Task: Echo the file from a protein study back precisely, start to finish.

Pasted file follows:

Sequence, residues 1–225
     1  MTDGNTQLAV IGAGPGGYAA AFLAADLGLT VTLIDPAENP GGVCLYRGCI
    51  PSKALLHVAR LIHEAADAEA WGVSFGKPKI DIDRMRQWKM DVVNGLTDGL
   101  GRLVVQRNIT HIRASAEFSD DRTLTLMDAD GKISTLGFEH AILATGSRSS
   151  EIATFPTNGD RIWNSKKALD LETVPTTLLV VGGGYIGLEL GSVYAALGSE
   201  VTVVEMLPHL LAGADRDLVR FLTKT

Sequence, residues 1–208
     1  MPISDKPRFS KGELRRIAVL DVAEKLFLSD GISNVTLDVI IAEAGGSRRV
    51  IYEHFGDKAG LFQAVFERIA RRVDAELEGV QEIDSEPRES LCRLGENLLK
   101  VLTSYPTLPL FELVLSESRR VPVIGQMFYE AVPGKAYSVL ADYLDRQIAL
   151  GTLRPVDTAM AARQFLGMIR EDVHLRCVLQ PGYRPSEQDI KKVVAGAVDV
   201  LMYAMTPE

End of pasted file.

Sequence, residues 1–225
     1  MTDGNTQLAV IGAGPGGYAA AFLAADLGLT VTLIDPAENP GGVCLYRGCI
    51  PSKALLHVAR LIHEAADAEA WGVSFGKPKI DIDRMRQWKM DVVNGLTDGL
   101  GRLVVQRNIT HIRASAEFSD DRTLTLMDAD GKISTLGFEH AILATGSRSS
   151  EIATFPTNGD RIWNSKKALD LETVPTTLLV VGGGYIGLEL GSVYAALGSE
   201  VTVVEMLPHL LAGADRDLVR FLTKT

Sequence, residues 1–208
     1  MPISDKPRFS KGELRRIAVL DVAEKLFLSD GISNVTLDVI IAEAGGSRRV
    51  IYEHFGDKAG LFQAVFERIA RRVDAELEGV QEIDSEPRES LCRLGENLLK
   101  VLTSYPTLPL FELVLSESRR VPVIGQMFYE AVPGKAYSVL ADYLDRQIAL
   151  GTLRPVDTAM AARQFLGMIR EDVHLRCVLQ PGYRPSEQDI KKVVAGAVDV
   201  LMYAMTPE